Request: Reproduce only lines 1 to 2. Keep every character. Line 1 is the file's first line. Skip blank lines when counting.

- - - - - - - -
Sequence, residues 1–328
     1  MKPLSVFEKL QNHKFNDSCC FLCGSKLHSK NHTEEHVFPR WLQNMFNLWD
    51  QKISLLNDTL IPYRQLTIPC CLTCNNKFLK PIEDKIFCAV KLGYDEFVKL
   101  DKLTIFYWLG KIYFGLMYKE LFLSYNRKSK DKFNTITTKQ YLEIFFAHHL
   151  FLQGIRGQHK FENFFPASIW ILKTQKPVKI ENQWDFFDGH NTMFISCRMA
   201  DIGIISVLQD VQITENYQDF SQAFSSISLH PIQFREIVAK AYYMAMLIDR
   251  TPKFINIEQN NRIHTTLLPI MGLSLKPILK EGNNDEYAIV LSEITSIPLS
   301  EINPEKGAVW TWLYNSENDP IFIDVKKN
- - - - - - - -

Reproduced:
Sequence, residues 1–328
     1  MKPLSVFEKL QNHKFNDSCC FLCGSKLHSK NHTEEHVFPR WLQNMFNLWD